Johnny plays soccer and golf and would prefer to spend most of his time in the water. He loves Pokemon and video games. He cares about his friends’ feelings, and he is kind and gentle, smart and silly. He reads a lot, and we take pride in calling him our absent-minded professor. We believe in who he is, and it is clear to us that he does, too. As parents, our top priority is Johnny’s health and happiness. We both feel strongly about nurturing and encouraging our son’s sensitive and kind-hearted personality. We want him to have the curiosity to explore this world and the courage to learn how he will thrive here.

Together, we teach him that being different is a good thing—if you are being honest to yourself and respectful to others. Our family’s transition from a two-mommy household to a visibly mama-daddy one has taught us our true happiness is found in loving who we are and that we are stronger people because of the differences.



It wasn’t until I was writing this narrative that it was clear what I was facing when I sat down, pen in hand, staring dutifully at the clean, white pages staring doubtfully back.

I’m facing a life that, until recently, was spiraling dangerously close to a life about to end. Instead of dying, I dug down to the very roots of me, the ones with little grip left, and I changed the direction of my path. I am what I’m sitting here writing about. I tucked my son, Johnny, into bed tonight and lovingly covered my snoozing and adorable wife with “Quilty,” this faded and threadbare, handmade quilt, sewn by my grandmother. It is believed to hold special powers including the ability to put to sleep any and all sick little ones, whether the suffering is a fever, a tummy ache or a tender, calomined shoulder of a restless wonder. As I pulled the tattered corners up to her chin, she roused, and I asked if I could go on a bike ride. It was when I was pedaling that I found the words to explain myself.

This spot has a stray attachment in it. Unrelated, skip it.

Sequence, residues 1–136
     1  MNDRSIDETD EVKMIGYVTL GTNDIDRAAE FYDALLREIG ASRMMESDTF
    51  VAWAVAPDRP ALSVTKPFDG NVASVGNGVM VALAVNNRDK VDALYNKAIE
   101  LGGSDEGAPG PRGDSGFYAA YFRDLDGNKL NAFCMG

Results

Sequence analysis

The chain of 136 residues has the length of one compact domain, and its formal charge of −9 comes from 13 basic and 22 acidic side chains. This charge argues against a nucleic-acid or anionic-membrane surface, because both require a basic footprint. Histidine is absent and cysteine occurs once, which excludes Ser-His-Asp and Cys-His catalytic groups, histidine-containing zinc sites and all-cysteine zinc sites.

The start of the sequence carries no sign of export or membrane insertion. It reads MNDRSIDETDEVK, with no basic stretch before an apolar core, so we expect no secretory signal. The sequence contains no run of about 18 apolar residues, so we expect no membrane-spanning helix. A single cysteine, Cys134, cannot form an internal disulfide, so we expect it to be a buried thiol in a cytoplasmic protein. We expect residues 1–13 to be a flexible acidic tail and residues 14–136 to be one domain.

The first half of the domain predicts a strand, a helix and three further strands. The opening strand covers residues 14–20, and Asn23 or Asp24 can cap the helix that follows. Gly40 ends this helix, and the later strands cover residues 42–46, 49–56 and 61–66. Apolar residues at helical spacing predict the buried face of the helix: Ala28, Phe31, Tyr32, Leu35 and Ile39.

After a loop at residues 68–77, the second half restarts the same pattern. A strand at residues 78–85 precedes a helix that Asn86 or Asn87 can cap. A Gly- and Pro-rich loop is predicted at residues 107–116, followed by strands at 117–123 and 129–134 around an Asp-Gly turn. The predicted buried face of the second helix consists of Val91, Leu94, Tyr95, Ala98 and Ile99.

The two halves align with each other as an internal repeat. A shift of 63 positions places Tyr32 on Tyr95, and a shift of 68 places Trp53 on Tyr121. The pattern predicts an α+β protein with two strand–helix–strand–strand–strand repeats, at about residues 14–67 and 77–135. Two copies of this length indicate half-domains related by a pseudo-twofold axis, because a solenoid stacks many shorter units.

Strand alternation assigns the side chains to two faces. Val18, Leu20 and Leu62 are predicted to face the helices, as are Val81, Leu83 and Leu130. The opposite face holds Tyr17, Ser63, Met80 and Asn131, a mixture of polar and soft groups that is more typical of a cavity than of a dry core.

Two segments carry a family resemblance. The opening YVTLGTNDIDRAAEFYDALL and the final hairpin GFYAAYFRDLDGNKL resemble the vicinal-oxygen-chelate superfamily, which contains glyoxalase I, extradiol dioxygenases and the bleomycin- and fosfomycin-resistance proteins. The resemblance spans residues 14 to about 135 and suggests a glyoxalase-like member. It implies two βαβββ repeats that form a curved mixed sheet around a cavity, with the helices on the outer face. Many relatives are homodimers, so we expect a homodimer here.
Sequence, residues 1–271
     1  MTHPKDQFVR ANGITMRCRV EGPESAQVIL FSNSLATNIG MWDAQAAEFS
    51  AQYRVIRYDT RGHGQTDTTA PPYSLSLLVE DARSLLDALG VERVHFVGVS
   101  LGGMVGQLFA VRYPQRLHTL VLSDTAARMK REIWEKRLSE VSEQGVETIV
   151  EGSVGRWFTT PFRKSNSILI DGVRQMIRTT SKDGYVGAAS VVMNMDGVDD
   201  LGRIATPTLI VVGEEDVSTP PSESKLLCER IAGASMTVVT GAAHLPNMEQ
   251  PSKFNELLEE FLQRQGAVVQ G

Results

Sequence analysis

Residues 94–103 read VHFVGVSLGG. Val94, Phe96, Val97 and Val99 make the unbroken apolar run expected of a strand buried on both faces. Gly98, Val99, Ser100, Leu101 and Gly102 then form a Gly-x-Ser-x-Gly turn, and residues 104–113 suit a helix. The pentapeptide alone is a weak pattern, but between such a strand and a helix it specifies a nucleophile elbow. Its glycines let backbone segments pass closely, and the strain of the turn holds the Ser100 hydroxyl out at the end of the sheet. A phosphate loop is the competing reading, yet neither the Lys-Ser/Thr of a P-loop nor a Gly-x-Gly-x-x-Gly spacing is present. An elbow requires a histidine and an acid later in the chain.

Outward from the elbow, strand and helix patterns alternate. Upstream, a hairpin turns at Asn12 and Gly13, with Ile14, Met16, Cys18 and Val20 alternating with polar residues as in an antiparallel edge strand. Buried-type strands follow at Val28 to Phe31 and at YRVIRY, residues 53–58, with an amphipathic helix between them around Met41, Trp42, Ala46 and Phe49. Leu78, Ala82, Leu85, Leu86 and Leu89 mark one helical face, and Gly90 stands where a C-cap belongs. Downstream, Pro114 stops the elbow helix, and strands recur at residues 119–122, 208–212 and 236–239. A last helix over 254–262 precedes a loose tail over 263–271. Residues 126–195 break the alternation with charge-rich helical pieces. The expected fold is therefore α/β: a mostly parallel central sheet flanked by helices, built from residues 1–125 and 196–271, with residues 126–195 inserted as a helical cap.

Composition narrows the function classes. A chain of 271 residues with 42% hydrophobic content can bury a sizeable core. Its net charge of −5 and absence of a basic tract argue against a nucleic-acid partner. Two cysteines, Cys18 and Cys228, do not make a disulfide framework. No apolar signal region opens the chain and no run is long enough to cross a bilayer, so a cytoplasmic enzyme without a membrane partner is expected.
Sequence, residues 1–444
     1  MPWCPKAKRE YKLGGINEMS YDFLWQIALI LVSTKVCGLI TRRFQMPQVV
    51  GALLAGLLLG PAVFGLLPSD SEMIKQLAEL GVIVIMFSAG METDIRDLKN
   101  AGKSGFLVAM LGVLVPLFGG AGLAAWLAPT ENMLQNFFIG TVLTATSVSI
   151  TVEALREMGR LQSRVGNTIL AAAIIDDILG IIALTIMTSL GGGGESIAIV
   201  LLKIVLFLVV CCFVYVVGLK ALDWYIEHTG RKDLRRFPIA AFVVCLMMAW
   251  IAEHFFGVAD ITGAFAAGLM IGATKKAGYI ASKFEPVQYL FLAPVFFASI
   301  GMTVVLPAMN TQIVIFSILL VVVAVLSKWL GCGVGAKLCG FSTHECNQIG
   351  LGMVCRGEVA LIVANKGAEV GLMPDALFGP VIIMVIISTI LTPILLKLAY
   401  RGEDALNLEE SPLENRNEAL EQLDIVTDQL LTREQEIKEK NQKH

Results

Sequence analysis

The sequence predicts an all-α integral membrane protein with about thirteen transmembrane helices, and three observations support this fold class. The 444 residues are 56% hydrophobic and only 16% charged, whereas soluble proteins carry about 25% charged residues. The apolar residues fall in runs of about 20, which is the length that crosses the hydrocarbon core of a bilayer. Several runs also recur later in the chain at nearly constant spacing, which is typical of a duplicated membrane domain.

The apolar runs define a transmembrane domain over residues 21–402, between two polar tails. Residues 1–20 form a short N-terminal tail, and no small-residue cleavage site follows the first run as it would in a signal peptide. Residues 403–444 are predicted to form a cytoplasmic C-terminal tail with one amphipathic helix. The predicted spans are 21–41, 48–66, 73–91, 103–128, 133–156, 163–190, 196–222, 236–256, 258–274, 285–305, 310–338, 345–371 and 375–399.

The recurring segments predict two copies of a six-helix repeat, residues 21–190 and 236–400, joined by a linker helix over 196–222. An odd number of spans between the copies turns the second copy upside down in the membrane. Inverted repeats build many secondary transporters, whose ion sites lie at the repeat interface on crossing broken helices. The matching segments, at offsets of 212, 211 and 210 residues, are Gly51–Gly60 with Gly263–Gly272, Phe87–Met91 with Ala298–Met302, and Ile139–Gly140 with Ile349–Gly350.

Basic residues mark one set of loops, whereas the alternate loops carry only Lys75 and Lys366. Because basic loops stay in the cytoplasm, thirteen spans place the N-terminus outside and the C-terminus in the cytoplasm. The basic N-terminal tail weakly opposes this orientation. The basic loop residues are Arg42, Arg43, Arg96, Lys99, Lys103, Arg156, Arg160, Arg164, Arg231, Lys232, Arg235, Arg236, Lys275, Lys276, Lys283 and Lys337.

Only sometimes can I almost forget that I lived for 27 years as a person that I didn’t want to be. I survived by getting good grades in high school. I moved to Madison and finished college with a degree that I wanted and had a general interest in. I had friends, a job that I liked, I was physically healthy, and I was poor but financially independent. I had all these things, yet every night when I closed my eyes—when there was no other sound besides my breathing—I felt trapped and overwhelmingly alone. A lot of us know how desperate and heart-achingly dreadful being lonely and confused feels. But the difference for me was that I didn’t have the language for how I really felt. I was doing everything I should and wanted to, but something didn’t add up. I had a lot of pain invested into figuring out who I really was. I thought I was an artist, maybe with the gift of genuine soul-searching, but it turns out I was transgendered and lost.

My gender-identity crisis peaked at a point only after years of my getting snapshots of what wasn’t right. I struggled with clinical depression and had to pick up the pieces of a life post-breakdown. I was going to finally accept the fact that I was too screwed up for love, but miraculously, I fell into the loving arms of my partner.